Oak Hills Drive-In

Crestview Drive and Alton Way,
Salt Lake City, UT 84108

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Oak Hills Drive-In

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The Oak Hills Drive-In opened in 1951 with a car capacity listed at 400. The drive-in was located just southeast of the Hogle Zoo.

One feature of the drive-in was that residents just south of the drive-in could pay $50.00 for an installation fee for a speaker set up in their home and view the movies from their home. The theatre was owned by Fox Intermountain Theatres.

When the Oak Hills Drive-In closed in 1965 they built the Olympus Drive-In at 5600 South 900 East. The Oak Hills Drive-In was demolished in 1965 for a new subdivision.

Contributed by Chuck

Recent comments (view all 9 comments)

ivanmlincoln
ivanmlincoln on December 29, 2010 at 1:20 pm

The Oak Hills got a lot of national publicity when Life Magazine published a large color photograph showing Charlton Heston in a scene from “The Ten Commandments” with the lights of Salt Lake City spread out in the valley beyond the screen.

Mike Rogers
Mike Rogers on December 29, 2010 at 1:55 pm

Thanks for the story.I had seen that picture before, missinglinc.

wpzephyr
wpzephyr on June 17, 2011 at 9:30 pm

The Google map is showing the wrong address coordinates. These are two completely different address locations, not close at all. The Oak Hills was in the foothill area of the east bench in Salt Lake. The other address is south of downtown Sugar House.

correct: 2775 East 1000 South

incorrect: 2818 South 1000 East

bbowles84010
bbowles84010 on December 6, 2013 at 2:56 pm

I am writing to correct your information This is not a theater called the Oak Hills theater. The photo was taken at the Romantic Motor-Vue theater on 3300 east and 3300 south (a Smith’s Marketplace is now in that location —– park in the parking lot & you can see a similar view to this 1958 view). The Motor-Vue theater was built by Eric and Thelma Peterson right after World War II. They sold it in 1960. We have the original letter from Life Magazine and other memorabilia from that theatre, including the furniture that furnished the Peterson’s home which was underneath the screen tower. You can see the lights of their home in the photo above. We also have photos inside their below-the-screen home that appeared in Redbook magazine.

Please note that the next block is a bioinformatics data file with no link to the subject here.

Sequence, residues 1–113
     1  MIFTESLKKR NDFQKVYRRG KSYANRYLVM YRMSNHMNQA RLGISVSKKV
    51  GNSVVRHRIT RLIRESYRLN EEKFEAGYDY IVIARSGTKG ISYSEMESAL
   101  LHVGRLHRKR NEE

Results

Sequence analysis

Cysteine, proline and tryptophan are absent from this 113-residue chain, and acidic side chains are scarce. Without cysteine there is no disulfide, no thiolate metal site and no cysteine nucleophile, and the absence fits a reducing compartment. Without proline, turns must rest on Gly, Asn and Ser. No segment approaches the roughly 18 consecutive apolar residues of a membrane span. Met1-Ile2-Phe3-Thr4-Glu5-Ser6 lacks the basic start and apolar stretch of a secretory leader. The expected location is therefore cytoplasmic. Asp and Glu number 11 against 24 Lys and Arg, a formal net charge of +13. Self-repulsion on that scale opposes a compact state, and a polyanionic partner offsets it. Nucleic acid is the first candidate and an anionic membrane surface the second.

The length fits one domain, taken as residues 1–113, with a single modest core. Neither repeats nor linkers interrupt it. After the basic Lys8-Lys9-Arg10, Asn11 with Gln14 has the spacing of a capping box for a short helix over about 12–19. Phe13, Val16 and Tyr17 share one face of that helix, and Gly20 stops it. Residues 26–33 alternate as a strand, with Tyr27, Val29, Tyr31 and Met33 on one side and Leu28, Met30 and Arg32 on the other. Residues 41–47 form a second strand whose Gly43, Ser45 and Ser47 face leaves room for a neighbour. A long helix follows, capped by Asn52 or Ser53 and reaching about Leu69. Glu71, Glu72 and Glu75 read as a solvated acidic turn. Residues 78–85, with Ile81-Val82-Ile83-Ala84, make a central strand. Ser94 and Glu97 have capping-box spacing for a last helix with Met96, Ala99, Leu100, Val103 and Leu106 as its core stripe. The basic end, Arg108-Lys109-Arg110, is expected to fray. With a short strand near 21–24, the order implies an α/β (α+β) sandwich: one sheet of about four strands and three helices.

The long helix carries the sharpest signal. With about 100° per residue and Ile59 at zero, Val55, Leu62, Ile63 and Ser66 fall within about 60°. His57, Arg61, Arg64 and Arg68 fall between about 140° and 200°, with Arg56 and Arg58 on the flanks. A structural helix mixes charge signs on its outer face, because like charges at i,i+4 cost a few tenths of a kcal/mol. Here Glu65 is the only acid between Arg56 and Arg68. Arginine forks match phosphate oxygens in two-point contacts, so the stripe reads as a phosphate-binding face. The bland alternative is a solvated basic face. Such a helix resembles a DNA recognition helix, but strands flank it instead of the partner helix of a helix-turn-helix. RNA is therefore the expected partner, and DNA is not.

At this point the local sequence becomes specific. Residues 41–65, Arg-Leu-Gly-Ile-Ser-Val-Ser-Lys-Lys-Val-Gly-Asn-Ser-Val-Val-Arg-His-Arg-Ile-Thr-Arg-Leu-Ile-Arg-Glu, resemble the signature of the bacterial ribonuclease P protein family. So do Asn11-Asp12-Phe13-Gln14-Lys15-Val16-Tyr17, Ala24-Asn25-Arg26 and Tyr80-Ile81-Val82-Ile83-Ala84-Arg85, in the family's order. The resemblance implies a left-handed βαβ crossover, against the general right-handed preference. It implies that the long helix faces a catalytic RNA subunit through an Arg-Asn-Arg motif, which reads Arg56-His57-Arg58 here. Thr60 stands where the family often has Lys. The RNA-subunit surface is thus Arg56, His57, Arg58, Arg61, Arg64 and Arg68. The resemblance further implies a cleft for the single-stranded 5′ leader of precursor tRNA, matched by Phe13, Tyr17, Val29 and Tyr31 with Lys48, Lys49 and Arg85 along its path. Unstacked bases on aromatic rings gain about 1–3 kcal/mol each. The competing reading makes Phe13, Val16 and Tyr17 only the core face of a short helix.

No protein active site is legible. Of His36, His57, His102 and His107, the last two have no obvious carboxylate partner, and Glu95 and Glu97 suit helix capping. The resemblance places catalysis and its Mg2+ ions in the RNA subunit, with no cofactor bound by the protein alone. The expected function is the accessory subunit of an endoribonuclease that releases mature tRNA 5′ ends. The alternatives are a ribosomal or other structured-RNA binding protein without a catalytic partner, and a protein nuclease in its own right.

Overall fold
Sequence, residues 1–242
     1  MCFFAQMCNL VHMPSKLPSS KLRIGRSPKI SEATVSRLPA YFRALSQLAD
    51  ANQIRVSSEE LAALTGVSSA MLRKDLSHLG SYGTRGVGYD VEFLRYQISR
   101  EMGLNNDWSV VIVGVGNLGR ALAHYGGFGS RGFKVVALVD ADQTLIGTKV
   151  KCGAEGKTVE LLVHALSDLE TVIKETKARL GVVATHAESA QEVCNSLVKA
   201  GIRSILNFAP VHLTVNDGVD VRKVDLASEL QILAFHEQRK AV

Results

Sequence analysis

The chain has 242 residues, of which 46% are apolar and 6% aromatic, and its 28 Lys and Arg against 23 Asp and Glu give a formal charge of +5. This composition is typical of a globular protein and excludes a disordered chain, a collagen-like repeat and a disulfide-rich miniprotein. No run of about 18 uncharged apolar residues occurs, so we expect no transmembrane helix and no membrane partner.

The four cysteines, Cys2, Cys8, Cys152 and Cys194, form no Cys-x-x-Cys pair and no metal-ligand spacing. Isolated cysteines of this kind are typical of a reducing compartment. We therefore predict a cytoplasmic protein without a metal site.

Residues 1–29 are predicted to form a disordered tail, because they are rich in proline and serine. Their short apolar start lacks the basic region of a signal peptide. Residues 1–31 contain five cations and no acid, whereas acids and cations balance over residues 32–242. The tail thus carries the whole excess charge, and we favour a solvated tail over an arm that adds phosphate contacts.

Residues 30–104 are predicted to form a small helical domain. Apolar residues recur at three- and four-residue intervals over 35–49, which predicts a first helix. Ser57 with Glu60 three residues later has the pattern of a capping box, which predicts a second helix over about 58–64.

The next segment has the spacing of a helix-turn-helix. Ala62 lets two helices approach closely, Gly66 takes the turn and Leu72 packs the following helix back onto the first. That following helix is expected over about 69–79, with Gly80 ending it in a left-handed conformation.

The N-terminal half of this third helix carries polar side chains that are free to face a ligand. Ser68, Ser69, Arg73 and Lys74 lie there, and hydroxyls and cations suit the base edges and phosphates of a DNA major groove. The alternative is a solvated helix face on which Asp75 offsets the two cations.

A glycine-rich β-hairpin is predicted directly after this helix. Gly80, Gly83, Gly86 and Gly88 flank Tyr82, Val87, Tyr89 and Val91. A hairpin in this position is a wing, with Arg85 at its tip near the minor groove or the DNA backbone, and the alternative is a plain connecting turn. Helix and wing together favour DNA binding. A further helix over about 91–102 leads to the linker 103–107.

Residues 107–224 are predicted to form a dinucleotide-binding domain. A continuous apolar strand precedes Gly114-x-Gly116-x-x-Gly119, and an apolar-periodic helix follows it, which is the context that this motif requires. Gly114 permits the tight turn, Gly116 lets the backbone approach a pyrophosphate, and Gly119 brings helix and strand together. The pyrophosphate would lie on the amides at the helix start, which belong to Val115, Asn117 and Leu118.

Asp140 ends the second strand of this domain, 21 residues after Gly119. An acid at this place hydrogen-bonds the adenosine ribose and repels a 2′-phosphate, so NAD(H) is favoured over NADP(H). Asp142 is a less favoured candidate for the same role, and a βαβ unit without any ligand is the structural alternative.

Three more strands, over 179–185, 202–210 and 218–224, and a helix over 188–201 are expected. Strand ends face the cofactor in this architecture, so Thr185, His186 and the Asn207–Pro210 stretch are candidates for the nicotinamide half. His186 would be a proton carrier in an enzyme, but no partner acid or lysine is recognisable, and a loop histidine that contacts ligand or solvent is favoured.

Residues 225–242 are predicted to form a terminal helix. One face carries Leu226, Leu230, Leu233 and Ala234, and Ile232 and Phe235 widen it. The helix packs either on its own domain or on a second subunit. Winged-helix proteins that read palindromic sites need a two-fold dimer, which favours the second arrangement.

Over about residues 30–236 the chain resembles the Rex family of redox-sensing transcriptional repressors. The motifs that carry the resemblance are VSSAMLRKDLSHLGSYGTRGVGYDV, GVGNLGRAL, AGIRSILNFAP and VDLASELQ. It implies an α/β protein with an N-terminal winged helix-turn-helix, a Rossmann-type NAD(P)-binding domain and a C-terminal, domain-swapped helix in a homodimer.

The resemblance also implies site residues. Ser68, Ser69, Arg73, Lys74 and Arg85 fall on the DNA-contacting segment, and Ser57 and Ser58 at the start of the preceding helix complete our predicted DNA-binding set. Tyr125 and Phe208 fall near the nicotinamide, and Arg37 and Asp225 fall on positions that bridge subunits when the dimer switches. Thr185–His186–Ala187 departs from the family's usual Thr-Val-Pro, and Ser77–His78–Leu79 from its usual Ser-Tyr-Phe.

NYozoner
NYozoner on December 27, 2016 at 8:56 pm

The address in the heading is invalid.

The correct address is:

Crestview Drive at Alton Way
Salt Lake City, UT 84108

This address fits with the description of “located just southeast of the Hogle Zoo” and is visible on the Historic Aerials website using 1958 and 1965 imagery.

DavidZornig
DavidZornig on January 12, 2017 at 11:09 am

This 2008 article confirms the existence of the Romantic Motor View, as well as many others in Utah listed.

http://archive.sltrib.com/story.php?ref=/ci_9719298

cscottpatterson
cscottpatterson on January 15, 2017 at 4:02 pm

Please see the ad in photos from the July 15, 1958 Salt Lake Tribune.

cscottpatterson
cscottpatterson on January 15, 2017 at 4:17 pm

The Oak Hills was a separate theater from the Motor Vu. I spent a lot of time at both. Both were on the east bench of Salt Lake City and faced west toward the Great Salt Lake. The empty space behind the screen in the photo is Bonneville Golf Course, still there today, and the location relative to other landmarks in the valley confirms that that the LIFE photo is definitely the Oak Hills Drive-in. The add from the July 15, 1958 Salt Lake Tribune, posted in photos, also confirms that. Actually, the Romantic Motor Vu was a pretty cool place for a little kid because they had a small zoo.

bbowles84010
bbowles84010 on January 15, 2017 at 4:56 pm

The Motor-Vu was built by and owned by my wife’s grandparents. This Life Magazine photo (part of the life in America photo series) was taken at the Motor-Vu. Her grandparents saved the photographer’s letter thanking them for their gracious welcome and for helping him with his photo. They saved the letter along with the photo. We have that letter and photo along with Redbook magazine photos taken in their home that was underneath the screen tower, various telegrams, and other memorabilia. This photo was definitely taken at the Motor-Vu.

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